Supply contracting is common in a number of industries, particularly in the construction, information and communications technology, manufacturing, government and professional services sectors.

We asked Lisa Legena, manager of our Advisory Services team, to share her top tips on the factors to consider before you agree to a supply contract.

Consider your capacity to deliver before you enter a contract

“Always consider whether you have the capacity – both in terms of your organisation and finances – to deliver the goods and services required before entering into any supply contracts,” says Lisa.

“If you’re a supplier, it’s important to make sure you can meet the requirements of this agreement and consider the risks to your business in the event you cannot comply. Likewise, if you’re looking to engage a supplier under a supply contract, you need to first make sure you fully understand the terms of the contract.”

Look closely at the pricing structure

Lisa notes that while supply contracts can vary, in most cases the pricing can be determined on a fixed price, time and materials, or cost-plus basis.

Fixed price 

A total fixed price to deliver the goods and services is locked in at the time of signing the contract.

“A buyer may like this option as they know exactly what it will cost them,” says Lisa.

“There is a risk to the supplier if the cost of goods increases over the lifetime of the contract, as they will need to bear these costs. Likewise, if the supplier can obtain goods at a discounted price through trade discounts or bulk-buying, they might then build more profit margin into the price.”

Time and materials

This pricing structure includes the cost of the materials used on the project plus the time associated with delivering the project.

“This pricing model is common with information and communications technology (ICT) projects – but without a clearly defined scope of works and parameters in place, this can lead to blow outs in costs for buyers.”


This pricing structure allows the supplier to invoice the buyer for the costs of the work, plus a fixed percentage on top of these costs.

“In this case, the supplier would charge the buyers the actual cost of any materials, equipment, labour, and overheads involved in the project. Profit is factored into the fixed percentage increase.”

Photo of SBDC Advisory Services Manager Lisa Legena standing in the SBDC office in Perth, Western Australia.
SBDC Business Advisory Services Manager Lisa Legena.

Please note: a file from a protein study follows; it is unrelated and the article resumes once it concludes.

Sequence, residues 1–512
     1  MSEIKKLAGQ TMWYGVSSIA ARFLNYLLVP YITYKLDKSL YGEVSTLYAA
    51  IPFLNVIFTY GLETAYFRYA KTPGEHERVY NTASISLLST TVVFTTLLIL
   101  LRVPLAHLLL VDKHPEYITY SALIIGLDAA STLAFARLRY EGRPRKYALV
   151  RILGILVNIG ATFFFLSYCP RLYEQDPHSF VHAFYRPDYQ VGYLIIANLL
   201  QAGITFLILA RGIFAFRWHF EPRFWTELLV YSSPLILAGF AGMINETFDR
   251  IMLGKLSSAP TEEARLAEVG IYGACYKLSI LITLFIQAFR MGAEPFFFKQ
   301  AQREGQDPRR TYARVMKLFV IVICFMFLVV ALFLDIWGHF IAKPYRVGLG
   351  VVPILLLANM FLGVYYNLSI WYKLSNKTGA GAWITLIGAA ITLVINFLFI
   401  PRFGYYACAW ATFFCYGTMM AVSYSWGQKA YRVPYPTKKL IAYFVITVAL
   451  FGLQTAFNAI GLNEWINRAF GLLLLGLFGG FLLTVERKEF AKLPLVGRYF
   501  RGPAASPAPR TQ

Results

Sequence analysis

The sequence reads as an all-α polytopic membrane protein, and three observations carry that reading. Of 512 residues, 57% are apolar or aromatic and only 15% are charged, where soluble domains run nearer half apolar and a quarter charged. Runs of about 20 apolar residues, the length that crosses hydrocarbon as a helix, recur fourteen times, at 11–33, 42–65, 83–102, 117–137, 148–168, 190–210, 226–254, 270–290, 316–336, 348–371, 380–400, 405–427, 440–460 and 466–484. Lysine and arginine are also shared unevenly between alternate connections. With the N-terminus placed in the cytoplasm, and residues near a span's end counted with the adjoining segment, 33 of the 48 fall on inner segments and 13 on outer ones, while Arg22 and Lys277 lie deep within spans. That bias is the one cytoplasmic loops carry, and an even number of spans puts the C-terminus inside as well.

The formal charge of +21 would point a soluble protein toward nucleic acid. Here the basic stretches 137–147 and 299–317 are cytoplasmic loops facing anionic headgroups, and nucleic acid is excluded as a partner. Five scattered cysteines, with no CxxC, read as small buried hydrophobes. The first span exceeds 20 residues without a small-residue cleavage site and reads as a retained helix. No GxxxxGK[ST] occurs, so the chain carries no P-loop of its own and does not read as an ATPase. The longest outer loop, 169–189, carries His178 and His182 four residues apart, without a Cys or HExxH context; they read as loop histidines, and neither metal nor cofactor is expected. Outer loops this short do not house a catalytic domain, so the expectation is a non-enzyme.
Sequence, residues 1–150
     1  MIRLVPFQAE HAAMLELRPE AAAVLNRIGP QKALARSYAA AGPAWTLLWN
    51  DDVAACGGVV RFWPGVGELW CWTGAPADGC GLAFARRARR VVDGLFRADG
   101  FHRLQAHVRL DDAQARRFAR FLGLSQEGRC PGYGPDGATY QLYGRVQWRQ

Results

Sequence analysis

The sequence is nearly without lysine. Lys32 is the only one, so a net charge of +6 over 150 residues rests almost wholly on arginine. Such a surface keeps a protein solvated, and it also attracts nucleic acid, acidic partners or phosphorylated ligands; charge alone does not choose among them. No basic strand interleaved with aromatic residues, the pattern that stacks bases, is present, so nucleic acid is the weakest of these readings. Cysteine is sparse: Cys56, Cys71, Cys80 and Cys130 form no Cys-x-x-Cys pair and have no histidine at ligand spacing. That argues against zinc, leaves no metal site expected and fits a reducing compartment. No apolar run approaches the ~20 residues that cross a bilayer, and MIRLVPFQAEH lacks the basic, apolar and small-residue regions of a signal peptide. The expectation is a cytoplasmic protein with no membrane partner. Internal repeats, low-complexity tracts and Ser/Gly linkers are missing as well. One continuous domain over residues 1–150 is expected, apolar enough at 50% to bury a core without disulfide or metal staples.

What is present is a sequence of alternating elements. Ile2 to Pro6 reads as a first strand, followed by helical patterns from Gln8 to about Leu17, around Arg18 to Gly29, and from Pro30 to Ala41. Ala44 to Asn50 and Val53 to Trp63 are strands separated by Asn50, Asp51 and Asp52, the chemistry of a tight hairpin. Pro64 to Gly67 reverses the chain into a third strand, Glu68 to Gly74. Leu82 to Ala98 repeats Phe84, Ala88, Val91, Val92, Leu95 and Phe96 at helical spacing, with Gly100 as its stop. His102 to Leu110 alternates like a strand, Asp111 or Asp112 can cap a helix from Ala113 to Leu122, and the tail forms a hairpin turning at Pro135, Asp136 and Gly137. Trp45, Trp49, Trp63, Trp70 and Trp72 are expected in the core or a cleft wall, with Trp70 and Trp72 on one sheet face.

Weigh up the risks of fixed vs flexible pricing

Each of these pricing structures has varying elements of risk attached. Lisa recommends that the supplier consider the potential environmental, political and economic impacts which could have an impact over the course of the contract to determine which pricing structure is best for them.

“For example, if a supplier needs flexibility in the pricing structure, they will need to ensure they weigh up the risks and choose a structure that allows for this.”

“If they do select a fixed price method, it’s important to factor in the potential for price increases over the term of the contract when determining the final price for consideration by the buyer.”

Lisa has seen some supply contracting issues arise when business owners don’t consider the lifetime of a contract when setting prices.

“Many suppliers price based on information at the time of tendering or quoting, however, there may be a time lag before they actually start to supply and do not build in enough buffer to cover price fluctuations,” she says.

“For example, a landscape construction business may set a fixed price to construct a playground at a new school which is under construction. However, the project is not due to commence for eight months, allowing time for the school build to be completed. During this time, the cost of steel increases but the supplier has not planned for this eventuality and has to cover the additional costs of this material to deliver the project.”

Watch out for supply contract ‘red flags’

Lisa notes that all supply contracts should be considered carefully – and it’s worth seeking legal advice before signing anything. According to Lisa, it’s important to beware of these potential warning signs:

  • Poorly written contracts or agreements – “Make sure you understand every aspect and there are no vague or unfavourable contractual terms.”
  • Poorly defined scope of works – “Supply contracts need a clearly defined scope as to what is expected in terms of the supply of goods and services. This way, all parties are aware of the desired outcome and can reduce disputes over the lifetime of the contract.”
  • Lack of dispute resolution clauses in the contract – “Having a clearly defined dispute resolution process outlined in the contract can really help if a dispute arises. The SBDC dispute resolution service could be incorporated as part of this process if a dispute escalates.”

“Most contracts or agreements will outline what is expected to be supplied, timeframes to deliver, and pricing and payment schedules. They will also outline the responsibilities of the supplier in relation to matters such as warranties, insurances and indemnities, guarantees, variations and dispute resolution.”

If you’re considering entering a supply contract, make sure everything is in writing and you clearly understand what you are agreeing to before you commit.

More information

Starting and growing
Legal and risk
07 September 2022